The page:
ST. FRANCIS: It’s the tribes that settled there, Lord. The Suburbanites. They started calling your flowers “weeds” and went to great lengths to kill them and replace them with grass.
GOD: Grass? But it’s so boring. It’s not colorful. It doesn’t attract butterflies, birds and bees, only grubs and sod worms. It’s temperamental with temperatures. Do these Suburbanites really want all that grass growing there?
ST. FRANCIS: Apparently so, Lord. They go to great pains to grow it and keep it green. They begin each spring by fertilizing grass and poisoning any other plant that crops up in the lawn.
GOD: The spring rains and warm weather probably make grass grow really fast. That must make the Suburbanites happy.
ST. FRANCIS: Apparently not, Lord. As soon as it grows a little, they cut it-sometimes twice a week.
GOD: They cut it? Do they then bale it like hay?
ST. FRANCIS: Not exactly, Lord. Most of them rake it up and put it in bags.
GOD: They bag it? Why? Is it a cash crop? Do they sell it?
ST. FRANCIS: No Sir. Just the opposite. They pay to throw it away.
GOD: Now let me get this straight. They fertilize grass so it will grow. And when it does grow, they cut it off and pay to throw it away?
ST. FRANCIS: Yes, Sir.
GOD: These Suburbanites must be relieved in the summer when we cut back on the rain and turn up the heat. That surely slows the growth and saves them a lot of work.
ST. FRANCIS: You aren’t going to believe this Lord. When the grass stops growing so fast, they drag out hoses and pay more money to water it so they can continue to mow it and pay to get rid of it.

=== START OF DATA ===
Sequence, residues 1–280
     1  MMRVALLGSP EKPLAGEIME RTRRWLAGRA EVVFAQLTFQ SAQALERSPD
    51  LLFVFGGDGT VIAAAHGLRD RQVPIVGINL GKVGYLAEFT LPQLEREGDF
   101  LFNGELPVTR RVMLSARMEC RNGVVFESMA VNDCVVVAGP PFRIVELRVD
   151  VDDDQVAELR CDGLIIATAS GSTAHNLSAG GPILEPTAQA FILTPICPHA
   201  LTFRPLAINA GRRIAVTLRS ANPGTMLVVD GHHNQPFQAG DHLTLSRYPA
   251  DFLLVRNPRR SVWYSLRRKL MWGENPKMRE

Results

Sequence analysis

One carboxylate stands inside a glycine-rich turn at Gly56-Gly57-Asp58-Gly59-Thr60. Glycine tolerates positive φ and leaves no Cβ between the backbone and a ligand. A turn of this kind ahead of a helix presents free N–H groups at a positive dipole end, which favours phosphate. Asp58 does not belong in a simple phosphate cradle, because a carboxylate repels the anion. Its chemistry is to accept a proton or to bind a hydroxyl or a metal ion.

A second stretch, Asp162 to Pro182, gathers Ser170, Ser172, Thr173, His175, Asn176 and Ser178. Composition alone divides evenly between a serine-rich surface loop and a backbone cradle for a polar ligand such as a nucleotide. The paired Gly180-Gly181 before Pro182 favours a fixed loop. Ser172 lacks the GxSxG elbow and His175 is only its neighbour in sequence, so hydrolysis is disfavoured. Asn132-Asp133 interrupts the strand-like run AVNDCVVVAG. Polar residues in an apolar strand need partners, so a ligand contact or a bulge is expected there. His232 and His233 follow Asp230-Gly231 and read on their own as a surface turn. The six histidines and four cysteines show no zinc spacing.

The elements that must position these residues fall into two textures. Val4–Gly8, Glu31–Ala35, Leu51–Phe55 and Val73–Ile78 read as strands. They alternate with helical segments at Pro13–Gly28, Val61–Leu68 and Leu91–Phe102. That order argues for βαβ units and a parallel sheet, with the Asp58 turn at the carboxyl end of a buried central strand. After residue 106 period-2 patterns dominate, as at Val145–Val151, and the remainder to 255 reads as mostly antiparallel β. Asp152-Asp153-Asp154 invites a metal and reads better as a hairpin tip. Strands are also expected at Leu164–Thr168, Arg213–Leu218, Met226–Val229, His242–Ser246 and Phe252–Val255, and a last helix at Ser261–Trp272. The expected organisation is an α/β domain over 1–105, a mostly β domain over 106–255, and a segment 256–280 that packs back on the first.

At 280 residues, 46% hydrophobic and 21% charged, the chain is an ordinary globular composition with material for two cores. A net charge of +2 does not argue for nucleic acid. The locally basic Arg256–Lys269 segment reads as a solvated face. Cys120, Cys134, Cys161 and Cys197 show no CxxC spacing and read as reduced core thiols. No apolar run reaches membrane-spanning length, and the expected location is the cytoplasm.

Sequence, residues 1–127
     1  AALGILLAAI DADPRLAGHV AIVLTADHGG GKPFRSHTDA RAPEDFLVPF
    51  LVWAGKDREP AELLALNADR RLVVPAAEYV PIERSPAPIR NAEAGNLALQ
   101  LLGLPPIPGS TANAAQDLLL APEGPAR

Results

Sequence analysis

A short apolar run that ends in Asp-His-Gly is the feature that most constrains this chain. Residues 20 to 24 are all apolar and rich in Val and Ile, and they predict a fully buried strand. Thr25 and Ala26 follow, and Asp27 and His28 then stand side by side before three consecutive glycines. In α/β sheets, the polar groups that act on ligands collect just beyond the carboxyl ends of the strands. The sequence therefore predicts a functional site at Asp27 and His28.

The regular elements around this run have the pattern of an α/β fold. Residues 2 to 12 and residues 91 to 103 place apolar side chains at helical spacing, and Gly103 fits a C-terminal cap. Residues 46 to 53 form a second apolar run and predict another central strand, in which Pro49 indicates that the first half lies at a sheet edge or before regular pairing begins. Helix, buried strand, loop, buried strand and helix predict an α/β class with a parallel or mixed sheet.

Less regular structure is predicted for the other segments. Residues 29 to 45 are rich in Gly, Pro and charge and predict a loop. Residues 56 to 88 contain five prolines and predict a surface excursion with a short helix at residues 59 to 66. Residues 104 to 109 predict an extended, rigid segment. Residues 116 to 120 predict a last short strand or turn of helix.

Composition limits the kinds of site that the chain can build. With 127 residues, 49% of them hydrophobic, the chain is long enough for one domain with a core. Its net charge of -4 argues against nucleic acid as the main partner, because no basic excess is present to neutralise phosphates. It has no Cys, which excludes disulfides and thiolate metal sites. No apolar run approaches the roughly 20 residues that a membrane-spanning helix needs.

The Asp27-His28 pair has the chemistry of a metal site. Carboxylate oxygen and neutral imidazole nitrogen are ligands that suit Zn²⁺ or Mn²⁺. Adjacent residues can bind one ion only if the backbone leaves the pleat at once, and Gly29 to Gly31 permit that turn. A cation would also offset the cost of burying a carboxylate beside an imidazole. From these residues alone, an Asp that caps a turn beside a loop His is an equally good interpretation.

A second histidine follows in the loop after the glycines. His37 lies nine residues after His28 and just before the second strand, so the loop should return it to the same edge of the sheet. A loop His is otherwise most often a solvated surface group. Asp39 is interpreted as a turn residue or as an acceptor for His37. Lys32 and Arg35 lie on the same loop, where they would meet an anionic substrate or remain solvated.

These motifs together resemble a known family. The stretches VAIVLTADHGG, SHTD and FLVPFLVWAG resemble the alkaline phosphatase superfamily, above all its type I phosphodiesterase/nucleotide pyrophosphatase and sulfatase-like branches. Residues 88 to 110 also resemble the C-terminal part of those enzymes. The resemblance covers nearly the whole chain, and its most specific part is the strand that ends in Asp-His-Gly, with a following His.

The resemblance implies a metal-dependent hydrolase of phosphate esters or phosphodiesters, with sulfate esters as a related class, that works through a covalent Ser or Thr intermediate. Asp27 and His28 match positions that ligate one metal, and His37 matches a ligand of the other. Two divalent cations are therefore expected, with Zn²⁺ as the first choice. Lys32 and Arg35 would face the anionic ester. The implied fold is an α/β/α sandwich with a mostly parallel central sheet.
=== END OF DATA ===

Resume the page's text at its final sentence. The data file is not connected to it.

GOD: What nonsense. At least they kept some of the trees. That was a sheer stroke of genius, if I do say so myself. The trees grow leaves in the spring to provide beauty and shade in the summer. In the autumn they fall to the ground and form a natural blanket to keep moisture in the soil and protect the trees and bushes. Plus, as they rot, the leaves form compost to enhance the soil. It’s a natural circle of life.
ST. FRANCIS: You better sit down, Lord. The Suburbanites have drawn a new circle. As soon as the leaves fall, they rake them into great piles and pay to have them hauled away.
GOD: No. What do they do to protect the shrub and tree roots in the winter and to keep the soil moist and loose?
ST. FRANCIS: After throwing away the leaves, they go out and buy something which they call mulch. They haul it home and spread it around in place of the leaves.
GOD: And where do they get this mulch?
ST. FRANCIS: They cut down trees and grind them up to make the mulch.
GOD: Enough. I don’t want to think about this anymore. St. Catherine, you’re in charge of the arts. What movie have they scheduled for us tonight?”
ST. CATHERINE: “Dumb and Dumber”, Lord. It’s a really stupid movie about…..
GOD: Never mind, I think I just heard the whole story from St. Francis.
See you next week. Will be doing dandelions and two others.
Wildcrafting part 1 Starter Guide
Wildcrafting part 2 Mugwort (bonus plant Wormwood) Yarrow, chickweed, and red clover
Wildcrafting part 3 dandelions and making flower essences
Wildcrafting part 4 The Cat’s Meow-A Real Lifesaver